[ The Court goes on to note that the government abandoned its arguments regarding the search based on the officer having “smelled marijuana” and makes the observation that this factor “provided a simple and compelling foundation for  searching Cherry and ultimately the car including the trunk, see U.S. v. Wimbush, 337 F.3d 947, 950-51 (7th Cir. 1991).” Instead, the government focused on the fact that Cherry lacked proof of insurance, and under Joliet Police department policy, the vehicle could be towed,  and an inventory search conducted  accordingly.
   Cherry urged a different interpretation of the policies. Having not argued that the police engineered the initial stop as a subterfuge for criminal investigations.
See South Dakota v. Opperman, 428 U.S. 364, 371, n. 5, 96 S. Ct. 3092 (1976),                       he argued, instead,  that “ the pertinent police policy section is exhaustive as to the circumstances under which a tow is authorized.”]The Court responded thusly:
      “.  .  . That contention, however, ignores that Cherry’s car was towed not only because he lacked proof of insurance, but also because the car could not be left alongside the highway without creating a hazard—a circumstance not addressed in General Order 17-18. General Order 17-4, which Cherry does not confront, explicitly addresses parked vehicles that present a hazard and provided unambiguous authority to tow Cherry’s car.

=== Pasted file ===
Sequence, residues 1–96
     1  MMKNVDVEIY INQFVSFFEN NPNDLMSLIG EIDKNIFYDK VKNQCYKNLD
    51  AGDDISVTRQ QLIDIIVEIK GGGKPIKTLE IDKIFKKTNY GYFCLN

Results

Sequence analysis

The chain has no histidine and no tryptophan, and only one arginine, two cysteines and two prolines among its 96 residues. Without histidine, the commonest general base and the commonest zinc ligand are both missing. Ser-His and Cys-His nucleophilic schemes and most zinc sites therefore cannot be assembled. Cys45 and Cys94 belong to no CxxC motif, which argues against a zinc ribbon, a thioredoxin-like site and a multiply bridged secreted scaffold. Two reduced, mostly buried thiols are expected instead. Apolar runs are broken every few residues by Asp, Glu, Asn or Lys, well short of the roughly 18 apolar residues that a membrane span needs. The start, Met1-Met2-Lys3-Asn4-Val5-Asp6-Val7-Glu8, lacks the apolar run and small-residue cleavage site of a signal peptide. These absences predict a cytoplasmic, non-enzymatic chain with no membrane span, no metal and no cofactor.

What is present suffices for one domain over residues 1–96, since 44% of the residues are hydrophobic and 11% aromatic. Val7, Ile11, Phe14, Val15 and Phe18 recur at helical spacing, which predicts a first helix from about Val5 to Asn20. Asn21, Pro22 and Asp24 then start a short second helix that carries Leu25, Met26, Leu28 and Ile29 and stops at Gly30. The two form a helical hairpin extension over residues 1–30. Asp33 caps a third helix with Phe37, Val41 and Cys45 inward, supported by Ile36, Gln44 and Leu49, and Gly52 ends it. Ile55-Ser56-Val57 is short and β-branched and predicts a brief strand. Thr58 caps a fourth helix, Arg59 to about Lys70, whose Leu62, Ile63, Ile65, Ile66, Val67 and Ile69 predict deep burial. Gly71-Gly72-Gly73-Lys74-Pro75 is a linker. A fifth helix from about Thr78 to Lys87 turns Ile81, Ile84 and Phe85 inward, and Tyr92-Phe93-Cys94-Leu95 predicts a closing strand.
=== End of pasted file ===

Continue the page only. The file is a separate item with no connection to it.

“ .  .  .That directive does not compel the officers at the scene to invite or accept input from the motorist as to the appropriate disposition of his vehicle, nor does the Fourth  Amendment demand that police offer a motorist an alternative means of removing his vehicle that will avoid the  need to tow it and conduct an inventory search.  See Colorado v. Bertine, 479U.S. 367, 373-74, 107 S. Ct. 738  (1987) . . . Illinois v. Lafayette, 462 U.S. 640, 647, 103 S. Ct. 2605 (1983).
     “.  .  . [T]he police were free to tow his hazardously parked car pursuant to their standard policy, in furtherance of their ‘community caretaking’ function. See Cady v. Dombrowski, 413 U.S. 433, 441, 93 S. Ct. 2523 (1973).  
.  .  .Affirmed.

NOTE:  For an interesting comparison of a State Court’s view of the police

“ community caretaking” function see People v. Travis Smith, 346 Ill. App. 146  at Archives.  That case was affirmed by the Illinois State Supreme Court. 214 Ill. 2d 338.


Dissenting Opinion: The dissent in this case warrants viewing.  Justice Posner

pointed out the inconsistencies in the Joliet police department’s policy, and measured its applicability in terms of Fourth Amendment protections. The police should have no constitutional right to an inventory search unless the vehicle is legally impounded and the owner deprived of its custody. See U.S. v. Privett, 68 F. 3d 101, 104 (5th Cir. 1995).

     The Joliet tow policy, with its correlating “inventory search”authorization, does not stand up to constitutional muster when viewed in light of the conflicting language that, on one hand,  provides for an inventory search  whenever the police order towing,  and, on the other, towing if the driver has no proof of insurance, but impoundment only if, in addition, the driver does not have a valid driver’s license (which Cherry did have). The Joliet ordinance also gave the driver the option of having the vehicle towed to a destination of his choice, including his home. In  reaching his conclusion, Justice Posner noted the following (with some omissions not noted  in the highlights’ quoted text):